But what about the adults on our campus? How can I serve them better in a non-academic way? The academic support, I’ve got down. I think we’ve done a pretty decent job reformatting our instruction, collaboration, and research projects for this moment. We have new services and digital resources to replace what teachers cannot access in the physical space. And while I guest-teach in classes all the time, my teaching load is nothing compared to our faculty. We have teachers with overloads, teachers with three different preps, not to mention grading, parenting, planning, being a club moderator, and wearing all the many hats one often does at a small, independent school. While we have been home, not only have I been looking for new ways to serve our student patrons, I’ve also been trying to keep present in my mind that our teachers and staff are also our library patrons. 

This topic might be on my mind at the moment because this is one of my heavy teaching weeks. I am teaching twelve classes this week, so the same number of blocks as a teacher with an overload. I am currently writing this in the last part of my lunch break after having taught the first three blocks of the day and getting ready to hop into the last. I haven’t returned emails, looked at my to-do list, or come up for air more than to get a glass of water and pass snacks to my third-grade child. When I have weeks like this, I can’t stop thinking “How are they doing this week after week?” For me, and perhaps for you, some weeks are heavy teaching weeks and others are not. They are all busy weeks, but this is next-level. 

If I believe that the library is meant to serve the students’ academic as well as non-academic needs, then I also want to consider the same for our faculty and staff. If I believe that the library is a learning space and a community space, how am I helping our teachers maintain community while we are all at home? 

Many of you probably have faculty and staff book clubs, right? Well, we didn’t. Years ago we did, but the teacher who ran it retired and I wasn’t in a position at the time to take it on. As the 2019-2020 school year came to a screeching halt (and somehow also took forever to end), I spoke with several friends and colleagues about how little we’d all been reading for pleasure since the pandemic hit. People were watching Tiger King and making shared movie/tv show lists, but our brains were fried. Yet, we all missed reading. It felt unnatural not to have one, two, or three books going at the same time. People seemed to feel that they should be reading, but also that they should be reading certain books. To that I say phooey! Well, not entirely.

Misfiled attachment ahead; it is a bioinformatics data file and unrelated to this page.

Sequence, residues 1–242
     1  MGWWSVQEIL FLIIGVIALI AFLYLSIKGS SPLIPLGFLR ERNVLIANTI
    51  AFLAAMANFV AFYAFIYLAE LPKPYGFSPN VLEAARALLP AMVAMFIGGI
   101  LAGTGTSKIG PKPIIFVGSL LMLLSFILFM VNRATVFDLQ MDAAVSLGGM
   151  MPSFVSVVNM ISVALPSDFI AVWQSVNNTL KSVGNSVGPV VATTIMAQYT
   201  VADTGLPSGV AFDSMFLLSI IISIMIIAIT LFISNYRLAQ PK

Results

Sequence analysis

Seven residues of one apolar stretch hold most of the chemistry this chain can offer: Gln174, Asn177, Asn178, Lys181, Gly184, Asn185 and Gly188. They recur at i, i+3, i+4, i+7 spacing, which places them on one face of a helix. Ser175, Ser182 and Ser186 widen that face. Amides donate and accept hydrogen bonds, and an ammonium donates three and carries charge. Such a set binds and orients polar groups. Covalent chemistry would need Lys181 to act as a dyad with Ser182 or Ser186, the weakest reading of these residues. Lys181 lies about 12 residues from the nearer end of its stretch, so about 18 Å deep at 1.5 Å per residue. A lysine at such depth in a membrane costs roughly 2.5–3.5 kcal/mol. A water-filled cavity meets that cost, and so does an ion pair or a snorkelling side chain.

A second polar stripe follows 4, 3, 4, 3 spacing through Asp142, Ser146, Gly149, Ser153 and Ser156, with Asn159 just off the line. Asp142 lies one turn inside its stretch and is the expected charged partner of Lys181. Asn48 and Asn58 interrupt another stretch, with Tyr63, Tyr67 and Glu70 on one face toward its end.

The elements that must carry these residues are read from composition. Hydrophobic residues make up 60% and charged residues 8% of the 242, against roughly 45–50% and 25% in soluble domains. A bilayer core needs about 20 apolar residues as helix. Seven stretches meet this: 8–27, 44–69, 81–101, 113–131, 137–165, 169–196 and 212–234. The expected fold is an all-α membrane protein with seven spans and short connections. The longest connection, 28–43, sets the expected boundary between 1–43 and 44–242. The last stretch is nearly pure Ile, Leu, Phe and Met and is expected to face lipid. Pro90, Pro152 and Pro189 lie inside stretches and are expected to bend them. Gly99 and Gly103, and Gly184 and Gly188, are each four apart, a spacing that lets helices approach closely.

I do think that informed people who intend to grow as humans should read certain books or certain authors or at least read on certain topics and about certain experiences. I do not, however, think that any reader should reject a book they want to read because it’s not on someone’s should list. I also know that sometimes, to kickstart reading after a slump, I need a particular kind of book to get me going again. Once I’m out of the slump I can tackle something more serious or challenging, but the kickstart book can be really hard to find. I wanted to end my own slump, and I knew some of my colleagues did too. To that end, I created the Low Stakes Book Club for faculty and staff. What does low stakes mean? For us, it means a few things.

  1. The book selection will not necessarily be a great work of literature, though it may be. It will often be a popular mystery, a page-turner, or a celebrity’s book club selection. We often choose books on the fly, though sometimes I send out a poll.
  2. The book club meeting is itself low stakes. Didn’t read the book? Who cares? You can show up anyway and hear about it from those who did. Maybe you read three chapters, hated it, and put it down. That’s cool! We hope to see you there.
  3. The purpose and administration of the club is low stakes. There is no theme, no pattern, no goal except to come together (on zoom) and keep our wonderful community going in a totally low stakes way. I might plan a game or trivia or discussion questions, but I really might not.

It’s been great. We have teachers and staff who faithfully read the book and show up every time, and people who never show up even though they always say they will. We’ve read some serious things and some less serious things. It’s been a nice way to connect with colleagues that I have no other chance to see since we’ve left the hallways and the dining hall (and the library!) to collect dust in our absence. And when we return to a new normal, the library will have played a role in bringing some happiness to a few teachers and staff along the way, which feels pretty good. 

The Low Stakes Book Club has read:

Reconstructing Amelia by Kimberly McCreight

Love, Nina by Nina Stibbe

The Hate U Give by Angie Thomas

Stamped by Jason Reynolds

The Vanishing Half by Brit Bennett

The Guest List by Lucy Foley

The Girl from Widow Hills by Megan Miranda

The Last Story of Mina Lee by Nancy Jooyoun Kim

Talking politics with students

Public libraries are well-known for their role in promoting and facilitating civic engagement. But school libraries? Talking about civic engagement can lead to talking about politics, and talking about politics with students can be tricky, even taboo in some schools. I’ve been thinking about the role of the school library in encouraging students to lead active, healthy, informed civic lives. As school librarians, what value can we add to our students’ civic and political identity development? What happens if we take on this work?